The organiser of the city’s Black Lives Matter protest has told how he was “overwhelmed” by the support of north-east residents turning up for the event.
Around 1,000 anti-racism campaigners took part in the protest in Aberdeen city centre on Saturday afternoon.
Event organiser Olaoluwa Akisanya, who is president of the African and Caribbean Society at Aberdeen University, said: “The protest went extremely well and the turnout was a lot bigger than I had anticipated.
“I didn’t expect so many people to come out and show their support. I was overwhelmed by the different variety of backgrounds there.
“There were people of all different ages, races, and sexual orientations.
“It seemed like there was somebody there to represent every section of society fighting for the same cause.”
The 23-year-old added: “The main goal that we had was to empower the people here to kick start a more active fight against racial injustice.
“It’s also good for the wider population to see that the event was peaceful. We got our message across without destroying or damaging any of the landmarks around us.”
The demonstration, which took place between 1pm and 3pm on Union Street, was the largest of its kind in the city since the death of George Floyd in the US last month.
The 46-year-old African American died amid claims a police officer held him down by pressing a knee into his neck in Minneapolis on May 25.
Demonstrators, chanting, cheering and singing, walked from the Trinity Centre to St Nicholas Street before dispersing in all directions.
Unlike some protests in other parts of the country, statues were not defaced. Organisers of the march had arranged for war veterans to stand guard at the Cowdray Hall war memorial.
Attendees heard from a range of speakers including Gideon Gamba, Marzan Ahmed, Aberdonian rapper Ransom FA, The Voice Kids contestant Aiysha Russell, and African and Caribbean Society representatives Benaiah Okara and Olaoluwa Akisanya.
Addressing the crowd, Gideon Gamba said: “It means a lot to the organisers and I to know that the people of Aberdeen stand with us during this time.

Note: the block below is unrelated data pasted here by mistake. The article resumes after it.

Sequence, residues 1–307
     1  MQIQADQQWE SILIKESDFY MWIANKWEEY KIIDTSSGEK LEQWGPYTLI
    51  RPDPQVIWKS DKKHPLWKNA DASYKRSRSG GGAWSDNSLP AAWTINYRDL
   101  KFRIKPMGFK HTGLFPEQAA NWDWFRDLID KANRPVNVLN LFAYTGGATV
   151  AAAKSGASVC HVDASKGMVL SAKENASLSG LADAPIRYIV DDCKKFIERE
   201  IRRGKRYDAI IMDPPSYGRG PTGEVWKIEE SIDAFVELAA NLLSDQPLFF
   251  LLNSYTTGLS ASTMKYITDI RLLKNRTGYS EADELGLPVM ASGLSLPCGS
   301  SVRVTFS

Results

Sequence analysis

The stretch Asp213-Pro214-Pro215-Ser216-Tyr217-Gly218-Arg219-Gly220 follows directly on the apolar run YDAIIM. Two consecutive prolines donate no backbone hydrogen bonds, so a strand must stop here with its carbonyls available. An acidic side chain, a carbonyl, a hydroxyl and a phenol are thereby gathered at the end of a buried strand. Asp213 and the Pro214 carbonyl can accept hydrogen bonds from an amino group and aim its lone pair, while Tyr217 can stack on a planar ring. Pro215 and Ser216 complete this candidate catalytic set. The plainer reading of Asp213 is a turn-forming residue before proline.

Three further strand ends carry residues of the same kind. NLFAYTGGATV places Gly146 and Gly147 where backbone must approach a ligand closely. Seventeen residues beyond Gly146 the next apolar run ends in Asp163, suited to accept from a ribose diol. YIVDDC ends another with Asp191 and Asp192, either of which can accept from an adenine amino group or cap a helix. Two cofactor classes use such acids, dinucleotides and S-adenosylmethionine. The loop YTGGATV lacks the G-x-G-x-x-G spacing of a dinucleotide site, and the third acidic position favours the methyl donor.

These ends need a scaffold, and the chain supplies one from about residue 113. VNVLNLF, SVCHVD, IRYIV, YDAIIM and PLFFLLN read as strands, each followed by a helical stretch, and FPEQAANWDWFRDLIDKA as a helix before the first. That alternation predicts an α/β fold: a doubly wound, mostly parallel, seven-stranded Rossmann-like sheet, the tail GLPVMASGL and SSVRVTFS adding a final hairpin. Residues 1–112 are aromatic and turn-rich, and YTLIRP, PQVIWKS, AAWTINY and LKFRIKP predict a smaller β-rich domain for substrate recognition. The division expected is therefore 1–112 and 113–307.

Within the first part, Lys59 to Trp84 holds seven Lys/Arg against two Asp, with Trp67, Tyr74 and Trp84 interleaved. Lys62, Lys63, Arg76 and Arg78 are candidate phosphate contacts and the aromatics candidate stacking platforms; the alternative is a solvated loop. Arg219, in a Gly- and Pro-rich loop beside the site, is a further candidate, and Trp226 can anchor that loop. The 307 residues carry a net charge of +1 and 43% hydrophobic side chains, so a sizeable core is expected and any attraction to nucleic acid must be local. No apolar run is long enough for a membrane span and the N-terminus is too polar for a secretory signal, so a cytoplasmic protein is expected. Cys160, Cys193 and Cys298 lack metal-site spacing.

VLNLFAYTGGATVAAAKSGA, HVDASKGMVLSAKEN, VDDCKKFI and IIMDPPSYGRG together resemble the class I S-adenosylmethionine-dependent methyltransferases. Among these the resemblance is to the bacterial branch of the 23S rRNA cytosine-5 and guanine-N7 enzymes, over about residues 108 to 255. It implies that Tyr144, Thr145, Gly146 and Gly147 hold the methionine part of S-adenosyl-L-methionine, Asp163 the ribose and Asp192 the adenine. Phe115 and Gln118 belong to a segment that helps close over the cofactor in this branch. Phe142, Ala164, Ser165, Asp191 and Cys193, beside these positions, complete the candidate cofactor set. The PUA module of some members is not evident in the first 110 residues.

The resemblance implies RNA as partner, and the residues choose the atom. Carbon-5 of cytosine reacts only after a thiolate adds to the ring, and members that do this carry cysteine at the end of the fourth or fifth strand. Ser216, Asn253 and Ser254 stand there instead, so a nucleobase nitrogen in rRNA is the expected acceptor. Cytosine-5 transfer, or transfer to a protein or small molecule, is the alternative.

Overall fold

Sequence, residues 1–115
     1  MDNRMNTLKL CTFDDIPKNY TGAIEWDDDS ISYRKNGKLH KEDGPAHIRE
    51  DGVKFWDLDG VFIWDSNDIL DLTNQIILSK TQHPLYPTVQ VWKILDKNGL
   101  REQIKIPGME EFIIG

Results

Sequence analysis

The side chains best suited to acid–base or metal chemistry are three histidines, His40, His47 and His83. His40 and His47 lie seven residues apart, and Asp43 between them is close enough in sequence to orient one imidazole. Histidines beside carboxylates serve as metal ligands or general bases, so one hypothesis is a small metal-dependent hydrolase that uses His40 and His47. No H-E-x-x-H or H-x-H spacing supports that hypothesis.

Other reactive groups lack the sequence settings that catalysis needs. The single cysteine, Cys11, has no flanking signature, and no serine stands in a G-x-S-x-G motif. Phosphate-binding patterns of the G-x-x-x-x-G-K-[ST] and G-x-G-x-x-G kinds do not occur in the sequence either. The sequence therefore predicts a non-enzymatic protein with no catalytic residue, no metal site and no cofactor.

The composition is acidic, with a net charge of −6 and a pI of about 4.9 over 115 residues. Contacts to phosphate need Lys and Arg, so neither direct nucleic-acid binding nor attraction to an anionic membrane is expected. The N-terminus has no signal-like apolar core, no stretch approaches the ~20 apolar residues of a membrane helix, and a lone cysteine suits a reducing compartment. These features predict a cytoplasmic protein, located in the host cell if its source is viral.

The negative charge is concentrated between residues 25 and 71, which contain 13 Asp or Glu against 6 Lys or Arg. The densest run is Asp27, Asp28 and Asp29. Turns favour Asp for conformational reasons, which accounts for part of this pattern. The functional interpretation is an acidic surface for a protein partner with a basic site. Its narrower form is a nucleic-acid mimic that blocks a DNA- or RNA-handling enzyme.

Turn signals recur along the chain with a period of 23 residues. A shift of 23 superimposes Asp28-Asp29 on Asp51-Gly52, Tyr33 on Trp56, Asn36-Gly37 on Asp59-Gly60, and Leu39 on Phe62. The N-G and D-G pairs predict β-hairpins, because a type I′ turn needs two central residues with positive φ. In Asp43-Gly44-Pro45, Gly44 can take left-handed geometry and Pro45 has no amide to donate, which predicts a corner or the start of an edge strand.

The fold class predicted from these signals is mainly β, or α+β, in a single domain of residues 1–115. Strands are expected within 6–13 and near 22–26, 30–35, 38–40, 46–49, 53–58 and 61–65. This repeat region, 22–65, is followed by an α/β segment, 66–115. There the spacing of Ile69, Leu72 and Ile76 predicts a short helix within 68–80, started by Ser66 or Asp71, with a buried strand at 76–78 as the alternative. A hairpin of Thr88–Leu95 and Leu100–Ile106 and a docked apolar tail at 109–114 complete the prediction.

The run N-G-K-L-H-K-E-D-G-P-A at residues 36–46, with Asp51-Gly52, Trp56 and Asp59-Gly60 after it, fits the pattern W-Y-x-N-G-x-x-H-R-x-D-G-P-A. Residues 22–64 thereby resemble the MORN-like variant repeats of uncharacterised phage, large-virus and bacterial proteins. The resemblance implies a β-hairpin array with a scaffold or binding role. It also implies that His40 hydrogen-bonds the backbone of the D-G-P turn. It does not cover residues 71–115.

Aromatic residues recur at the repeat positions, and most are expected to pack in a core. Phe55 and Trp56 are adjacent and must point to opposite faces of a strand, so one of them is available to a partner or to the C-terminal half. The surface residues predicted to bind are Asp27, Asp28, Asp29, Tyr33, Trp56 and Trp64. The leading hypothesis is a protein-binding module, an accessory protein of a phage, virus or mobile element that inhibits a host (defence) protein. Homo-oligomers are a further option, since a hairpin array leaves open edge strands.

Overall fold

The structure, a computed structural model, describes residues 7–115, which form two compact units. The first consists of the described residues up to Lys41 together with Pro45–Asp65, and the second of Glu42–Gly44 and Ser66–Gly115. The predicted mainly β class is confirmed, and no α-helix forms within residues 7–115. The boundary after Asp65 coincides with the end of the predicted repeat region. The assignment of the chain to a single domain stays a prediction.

“Injustice and inequality is something that doesn’t change overnight, but it is the actions of people like you in coming together as one community to show that we want to make this change.
“Change comes through acknowledgement, understanding and conversation.
“I was born in Nigeria but I’ve lived in Aberdeen since I was two years old, I’m 26 now and I consider myself an Aberdonian.
“This is the city that made me and it made me because of people like you. People who understand that we can come together and call out what we see as injustice in our communities, workplaces and families.”
Olaoluwa said the speakers all “spoke from the heart”.
He added: “I was born and raised in Aberdeen and the majority of the other speakers are Aberdonians, so we were speaking from experience of the things that we have had to go through.
“The speakers all spoke from the heart and all had something different to offer. It was refreshing to see a different side of racism rather than the traditional narrative that we’ve been seeing.”
Although the worldwide Black Lives Matter protests marked a turning point in the fight against racism, Olaoluwa said that further action is “essential”.
He added: “These protests are a statement to the city and a statement to ourselves that we are here and we are prepared to fight for equality.
“It sets an example for the next generation that you can and you should stand up for what you believe in.
“But the protests themselves are not a cure. They are important for awakening people to the issues that we have faced but in order to tackle those issues, we need to educate ourselves by signing petitions and donating to reputable funds.
“We need to stand together and call out all the racial injustices that we see, whether that be within our workplaces, our families, or our friendship groups.
“That is why further action is essential.”
Lord Provost Barney Crockett added: “It’s a great credit to the people of Aberdeen that the event was largely peaceful.
“Obviously we had concerns around social distancing but we do advise people to stick to the rules wherever they are going.
“Aberdeen is generally a city where everybody gets on very well which is a key offering to both the people living here and also those who are considering moving.”